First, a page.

Ecuador: Cotopaxi Trip Report (Part I)

In early February we introduced readers to the two intrepid women, Nicole Morse and Marelise Bardenhorst whose goal was to climb high mountains in Ecuador and raise funds for the “Homes to Grow” project.  They have since returned and this is the extraordinary account of their experience: it is a story of grit, determination and courage – for the terrain was challenging and there was drama up there.

High Drama On High Mountains – Part I

By Nicole Morse

“Three continents in 48 hrs was rather hectic but that is what it took to get us to Ecuador, a tiny country on the west coast of South America.  It may be a tiny country but it has some really big mountains.Our objective was Volcan Cotopaxi, one of the world’s highest active volcanoes. So active that it was closed for climbing up until October last year.

At a height of 5897meters above sea level the oxygen concentration at the Cotopaxi summit is 50% of we breathe at sea level, so acclimatisation was going to be key to our summit bid.  Just landing in Quito, Ecuador’s capital city, can be a breathless experience as it is at an altitude of 2800 meters.  It is the second highest capital city in the world and is surrounded by spectacular mountains. In Quito we were met by Diego, who was to be our mountain guide for the next week. Diego has more than 25 years’ experience as a mountain guide and this kept us safe when things went wrong.

Our first acclimatisation hike was the extinct volcano of Pasochoa. An easy trek through farmlands with a bit of a steep scramble to the summit took us to an altitude of 4200m, the highest we had ever been. On this hike, Diego taught us the valuable technique of taking it slow in the high mountains. Slowly, or “lento”in Spanish is a word we would hear often that week.  Though Diego was happy to politely but urgently give us a“vamos”(lets go!) too if we were eating our snacks a bit too leisurely at rest-stops.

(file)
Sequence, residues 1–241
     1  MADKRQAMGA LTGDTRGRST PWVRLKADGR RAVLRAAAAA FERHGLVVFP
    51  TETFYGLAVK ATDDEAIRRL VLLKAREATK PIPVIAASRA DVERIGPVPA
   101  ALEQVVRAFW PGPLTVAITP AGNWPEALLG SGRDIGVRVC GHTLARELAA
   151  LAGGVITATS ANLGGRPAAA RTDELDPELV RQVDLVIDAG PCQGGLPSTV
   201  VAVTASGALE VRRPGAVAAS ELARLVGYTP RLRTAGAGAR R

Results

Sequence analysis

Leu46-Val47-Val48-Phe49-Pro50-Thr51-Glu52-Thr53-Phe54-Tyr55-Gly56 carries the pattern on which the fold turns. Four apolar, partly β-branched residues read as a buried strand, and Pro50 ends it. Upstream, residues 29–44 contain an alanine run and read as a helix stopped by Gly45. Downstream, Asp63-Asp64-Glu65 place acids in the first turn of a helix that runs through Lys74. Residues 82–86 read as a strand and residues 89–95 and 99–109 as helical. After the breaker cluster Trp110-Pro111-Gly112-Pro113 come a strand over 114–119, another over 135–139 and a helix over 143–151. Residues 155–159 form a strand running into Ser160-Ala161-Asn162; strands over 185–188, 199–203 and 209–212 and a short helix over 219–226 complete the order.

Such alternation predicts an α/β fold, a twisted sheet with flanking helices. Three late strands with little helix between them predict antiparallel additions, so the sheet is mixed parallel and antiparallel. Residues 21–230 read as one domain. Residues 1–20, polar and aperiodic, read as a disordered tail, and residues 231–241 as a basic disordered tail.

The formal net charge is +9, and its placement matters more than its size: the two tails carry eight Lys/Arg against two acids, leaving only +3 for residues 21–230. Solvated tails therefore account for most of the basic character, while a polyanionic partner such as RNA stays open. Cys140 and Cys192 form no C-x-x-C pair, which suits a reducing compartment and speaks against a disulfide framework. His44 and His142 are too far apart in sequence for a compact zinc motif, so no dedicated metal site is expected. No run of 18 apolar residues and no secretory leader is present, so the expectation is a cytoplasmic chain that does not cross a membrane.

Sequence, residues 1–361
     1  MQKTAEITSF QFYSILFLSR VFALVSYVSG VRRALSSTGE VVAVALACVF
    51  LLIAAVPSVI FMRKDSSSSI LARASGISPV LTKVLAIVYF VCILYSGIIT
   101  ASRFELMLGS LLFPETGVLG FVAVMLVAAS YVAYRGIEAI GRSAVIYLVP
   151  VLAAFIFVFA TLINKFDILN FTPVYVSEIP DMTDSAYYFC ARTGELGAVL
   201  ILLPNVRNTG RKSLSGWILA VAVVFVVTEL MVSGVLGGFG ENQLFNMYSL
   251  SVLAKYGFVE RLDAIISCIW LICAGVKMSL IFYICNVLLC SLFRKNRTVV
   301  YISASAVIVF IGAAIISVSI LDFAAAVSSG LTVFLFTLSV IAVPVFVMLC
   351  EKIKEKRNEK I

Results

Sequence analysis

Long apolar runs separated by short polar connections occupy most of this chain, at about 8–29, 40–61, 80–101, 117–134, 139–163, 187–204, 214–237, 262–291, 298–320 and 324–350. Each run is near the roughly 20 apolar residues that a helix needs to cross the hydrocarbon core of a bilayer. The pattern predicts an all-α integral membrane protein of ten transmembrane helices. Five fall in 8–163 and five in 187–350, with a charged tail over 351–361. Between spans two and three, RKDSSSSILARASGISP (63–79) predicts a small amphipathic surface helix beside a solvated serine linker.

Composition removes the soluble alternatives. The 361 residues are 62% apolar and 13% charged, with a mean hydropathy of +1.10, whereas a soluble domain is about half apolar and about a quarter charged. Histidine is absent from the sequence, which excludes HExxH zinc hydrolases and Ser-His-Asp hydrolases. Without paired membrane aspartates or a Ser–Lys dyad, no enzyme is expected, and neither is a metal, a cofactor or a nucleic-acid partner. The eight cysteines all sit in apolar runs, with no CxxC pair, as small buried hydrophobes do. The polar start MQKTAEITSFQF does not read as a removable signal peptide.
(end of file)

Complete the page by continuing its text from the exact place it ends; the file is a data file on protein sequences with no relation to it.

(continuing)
Raining on Pasochoa

The following day we climbed Rucu Pichincha an active volcano that dominates the Quito landscape. It last erupted in 1999 and covered Quito in ash. A slightly exposed rock scramble got our heart rates up as we reached the summit at 4696 meters.  The descent was fun with a long scree slope (loose sand and rocks which accumulate from rock falls) allowing us to “ski down” in our hiking boots.

Descending the scree slope of Rucu Pichincha

Next up was Iliniza Norte, this was a 2 day hike with a night in the refuge (mountain hut) to allow us time to acclimatise.  We had a beautiful hike though the nature reserve with the 2 dark rocky peaks of Iliniza North and South occasionally breaking through the clouds and reminding us of what was still to come. When we arrived at the refuge in the late afternoon the temperature started to drop and our down jackets and -18 C sleeping bags were much appreciated. We were in the refuge with another climbing party of New Zealanders and dinner was festive with everyone talking about their mountaineering experiences.  That night the effects of acute mountain sickness (AMS)set in and the altitude of 4700 meters gave me a splitting headache that made sleep impossible.  When sunrise finally arrived we realised that our planned summit bid was not going to happen. Heavy overnight snowfall now covered the once rocky summit and Diego felt that conditions were too dangerous to continue.  Disappointed we packed up and descended back to the car but our minds were already thinking of Cotopaxi.”

The two peaks of Iliniza South and North

Waking up to a blanket of snow on Iliniza.

Continued/………………  Part II